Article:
In our fast-paced hell world, it seems like years ago that we discovered Virginia Governor Ralph Northam’s medical school yearbook page contained a photo of a person in blackface and a person in a KKK hood. One of the strangest parts of the whole debacle is how apparently common it is for college yearbooks to contain racist images. After the Northam photo surfaced, it was found that Virginia Senate Majority Leader Thomas K. Norment Jr. had edited a college yearbook in 1968 that included a bunch of racist photos as well.
Now, USA Today has published an investigation on the matter, surveying 900 yearbooks at 120 universities across the U.S. What they found shouldn’t be surprising: American college students in the ‘70s and ‘80s were extremely racist.
From USA Today:
At Cornell University in New York, three fraternity members are listed in the 1980 yearbook as “Ku,” “Klux” and “Klan.” For their 1971 yearbook picture, a dozen University of Virginia fraternity members, some armed, wore dark cloaks and hoods while peering up at a lynched mannequin in blackface. In one of the most striking images – from the 1981 University of Illinois at Urbana-Champaign yearbook – a black man is smiling and holding a beer while posing with three people in full KKK regalia. [...]
The yearbooks in the USA TODAY Network examination also show students saluting in Nazi uniforms on Halloween or wearing orange paint and a headdress to depict a stereotype of a Native American on game day. There are “slave sale” fundraisers that auctioned off young women, “plantation parties” and a “sharecroppers ball.” One picture shows a swastika banner hung up on what appears to be a dormitory wall.
But the vast majority of the offensive material show racist imagery, such as students in blackface or KKK robes, sometimes just pages away or even alongside images of minority students and university leaders.
Black alumni who went to college in this era say there wasn’t much they felt could be done about the open displays of racism they saw on campus. Cassandra Thomas, a black woman who went to University of Texas in the ‘70s, says she remembers a yearbook page that featured a student wearing a KKK hood and holding a Confederate flag.
“It was about keeping your head down,” Thomas told USA Today. “We were trying to get our degree and get out with the least amount of trouble.”
Even a fellow USA today journalist got caught up in this new trove of vintage racism. In 1989, Nicole Carroll was an editor at the Arizona State University yearbook that included a photo of two white men in blackface, dressed as Mike Tyson and Robin Givens at a party. Carroll wrote a piece apologizing for her involvement.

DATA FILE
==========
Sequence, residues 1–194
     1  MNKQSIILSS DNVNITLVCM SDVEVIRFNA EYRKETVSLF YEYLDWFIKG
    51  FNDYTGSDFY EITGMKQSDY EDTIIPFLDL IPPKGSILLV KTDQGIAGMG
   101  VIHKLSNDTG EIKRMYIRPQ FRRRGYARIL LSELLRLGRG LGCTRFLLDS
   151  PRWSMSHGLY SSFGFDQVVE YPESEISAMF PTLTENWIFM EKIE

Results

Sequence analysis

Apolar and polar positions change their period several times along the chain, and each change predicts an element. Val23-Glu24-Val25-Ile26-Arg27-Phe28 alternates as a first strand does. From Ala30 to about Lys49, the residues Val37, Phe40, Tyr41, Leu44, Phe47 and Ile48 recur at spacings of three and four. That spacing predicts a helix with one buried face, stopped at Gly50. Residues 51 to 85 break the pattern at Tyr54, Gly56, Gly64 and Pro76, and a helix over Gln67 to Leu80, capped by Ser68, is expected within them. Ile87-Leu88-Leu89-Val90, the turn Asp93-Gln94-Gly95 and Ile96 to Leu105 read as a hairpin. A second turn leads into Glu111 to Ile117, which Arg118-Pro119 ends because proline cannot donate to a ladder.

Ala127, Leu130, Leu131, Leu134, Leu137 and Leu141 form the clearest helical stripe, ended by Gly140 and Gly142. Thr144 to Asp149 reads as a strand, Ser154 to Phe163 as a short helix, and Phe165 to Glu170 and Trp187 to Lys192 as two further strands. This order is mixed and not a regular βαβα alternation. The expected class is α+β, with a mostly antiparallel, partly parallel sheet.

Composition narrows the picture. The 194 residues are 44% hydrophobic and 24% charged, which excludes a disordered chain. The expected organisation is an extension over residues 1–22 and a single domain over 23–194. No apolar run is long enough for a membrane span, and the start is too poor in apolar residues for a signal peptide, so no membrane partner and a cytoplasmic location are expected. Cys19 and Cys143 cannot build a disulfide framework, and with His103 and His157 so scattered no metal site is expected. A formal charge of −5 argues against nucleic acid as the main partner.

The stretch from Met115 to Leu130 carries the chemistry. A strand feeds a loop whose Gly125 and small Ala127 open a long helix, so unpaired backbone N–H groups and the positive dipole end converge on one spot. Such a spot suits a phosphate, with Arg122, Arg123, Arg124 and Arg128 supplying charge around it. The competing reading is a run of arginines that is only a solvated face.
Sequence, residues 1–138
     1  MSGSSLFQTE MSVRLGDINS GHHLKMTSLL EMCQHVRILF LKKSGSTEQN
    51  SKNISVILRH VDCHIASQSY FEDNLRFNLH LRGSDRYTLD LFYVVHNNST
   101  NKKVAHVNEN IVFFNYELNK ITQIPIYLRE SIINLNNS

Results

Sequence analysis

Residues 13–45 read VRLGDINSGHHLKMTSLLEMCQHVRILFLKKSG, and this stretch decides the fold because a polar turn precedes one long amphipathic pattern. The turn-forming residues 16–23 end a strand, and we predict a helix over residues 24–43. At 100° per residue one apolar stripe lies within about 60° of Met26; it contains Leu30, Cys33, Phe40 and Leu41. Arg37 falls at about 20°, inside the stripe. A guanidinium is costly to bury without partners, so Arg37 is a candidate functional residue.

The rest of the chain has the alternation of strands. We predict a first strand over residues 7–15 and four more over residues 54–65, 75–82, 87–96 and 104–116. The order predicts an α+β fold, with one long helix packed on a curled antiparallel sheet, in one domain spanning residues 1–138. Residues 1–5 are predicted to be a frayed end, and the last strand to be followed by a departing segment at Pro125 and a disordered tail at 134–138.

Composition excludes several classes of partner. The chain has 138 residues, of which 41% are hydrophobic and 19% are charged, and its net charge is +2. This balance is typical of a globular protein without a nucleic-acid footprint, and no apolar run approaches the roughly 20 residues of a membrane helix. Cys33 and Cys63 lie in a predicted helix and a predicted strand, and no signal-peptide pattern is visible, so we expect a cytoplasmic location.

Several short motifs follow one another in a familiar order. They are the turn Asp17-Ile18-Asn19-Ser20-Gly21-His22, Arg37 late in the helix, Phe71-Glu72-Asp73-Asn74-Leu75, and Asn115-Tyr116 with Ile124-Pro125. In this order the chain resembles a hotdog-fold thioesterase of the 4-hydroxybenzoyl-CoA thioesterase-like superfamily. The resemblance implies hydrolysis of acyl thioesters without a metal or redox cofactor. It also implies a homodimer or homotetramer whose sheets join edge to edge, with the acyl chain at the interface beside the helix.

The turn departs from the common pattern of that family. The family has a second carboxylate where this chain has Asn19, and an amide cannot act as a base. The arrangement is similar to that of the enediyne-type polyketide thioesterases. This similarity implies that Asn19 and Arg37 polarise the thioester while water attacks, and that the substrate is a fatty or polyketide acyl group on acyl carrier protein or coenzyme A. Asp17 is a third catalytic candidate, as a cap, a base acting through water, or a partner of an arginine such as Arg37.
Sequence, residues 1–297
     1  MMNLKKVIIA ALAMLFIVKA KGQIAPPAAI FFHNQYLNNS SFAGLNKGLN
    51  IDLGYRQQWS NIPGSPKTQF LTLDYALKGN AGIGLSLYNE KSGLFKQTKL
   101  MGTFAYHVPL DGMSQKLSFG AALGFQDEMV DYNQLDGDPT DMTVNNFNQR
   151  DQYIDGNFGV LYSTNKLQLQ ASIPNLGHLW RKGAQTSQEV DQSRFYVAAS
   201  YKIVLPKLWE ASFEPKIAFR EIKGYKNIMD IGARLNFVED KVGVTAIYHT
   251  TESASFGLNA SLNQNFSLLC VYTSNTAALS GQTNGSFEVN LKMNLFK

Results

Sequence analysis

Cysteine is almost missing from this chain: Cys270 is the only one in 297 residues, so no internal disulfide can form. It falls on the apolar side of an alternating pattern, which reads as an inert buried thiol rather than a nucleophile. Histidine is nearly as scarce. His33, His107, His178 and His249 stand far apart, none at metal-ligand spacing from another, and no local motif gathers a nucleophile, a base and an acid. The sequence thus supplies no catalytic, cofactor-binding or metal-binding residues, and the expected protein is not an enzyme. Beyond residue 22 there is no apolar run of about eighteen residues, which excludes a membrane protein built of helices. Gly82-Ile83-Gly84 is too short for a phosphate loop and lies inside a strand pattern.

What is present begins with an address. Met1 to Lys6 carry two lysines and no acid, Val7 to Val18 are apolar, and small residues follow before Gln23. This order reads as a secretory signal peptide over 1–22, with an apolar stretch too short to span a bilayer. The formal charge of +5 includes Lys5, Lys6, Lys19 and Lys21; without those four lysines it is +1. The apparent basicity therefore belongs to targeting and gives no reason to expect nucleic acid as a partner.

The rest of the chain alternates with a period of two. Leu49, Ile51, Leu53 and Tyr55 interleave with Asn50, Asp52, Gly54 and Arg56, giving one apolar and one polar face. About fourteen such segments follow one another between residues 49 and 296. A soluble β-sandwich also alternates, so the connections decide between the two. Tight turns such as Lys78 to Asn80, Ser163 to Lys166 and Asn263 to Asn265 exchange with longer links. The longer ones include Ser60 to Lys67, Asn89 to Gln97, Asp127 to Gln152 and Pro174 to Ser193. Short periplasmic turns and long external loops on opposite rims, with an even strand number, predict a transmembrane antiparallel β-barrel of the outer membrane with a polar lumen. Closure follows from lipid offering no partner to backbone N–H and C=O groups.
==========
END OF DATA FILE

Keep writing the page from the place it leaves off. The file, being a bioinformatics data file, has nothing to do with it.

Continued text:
“I was shocked when a colleague told me of my role in publishing a racist and hurtful photo in my college yearbook,” Carroll said in a statement. “I am truly sorry for the harm my ignorance caused then, and the hurt it will cause now, 30 years later.”
Andre M. Perry, a black Brookings Institute fellow who looked at his own yearbooks from University of Maryland, told USA Today that racism in yearbooks is about social acceptance.
“The way to fit in, sadly, is to make fun of black people,” Perry said. “It’s a unifying act. It’s sad but racism pulls people, particularly white people, together.”
Some people USA Today spoke to still don’t understand the ramifications of their actions in college. Steve LaCarter, who is now 64, dressed in blackface alongside friends at a party at University of South Carolina in 1976.
“I don’t feel like I harmed anybody,” he told USA Today. “There were no black people in the room watching that.”
Upon learning the photo was published in the yearbook, LaCarter expressed some regret.
“I can see that, for black people, even in the ‘70s, seeing that in the University of South Carolina yearbook, that’s not right,” he told USA Today. “But I didn’t think about that. I didn’t think about it.”
USA Today reached out to every college and fraternity whose yearbook they reviewed. Many condemned the images and said the culture has changed, but admitted that racism was a widespread phenomenon.
“Many of these photos are extremely offensive and painful to view,” Jim Ryan, president of the University of Virginia, told USA Today in a statement. “But while the photos themselves are shocking, their existence is not.”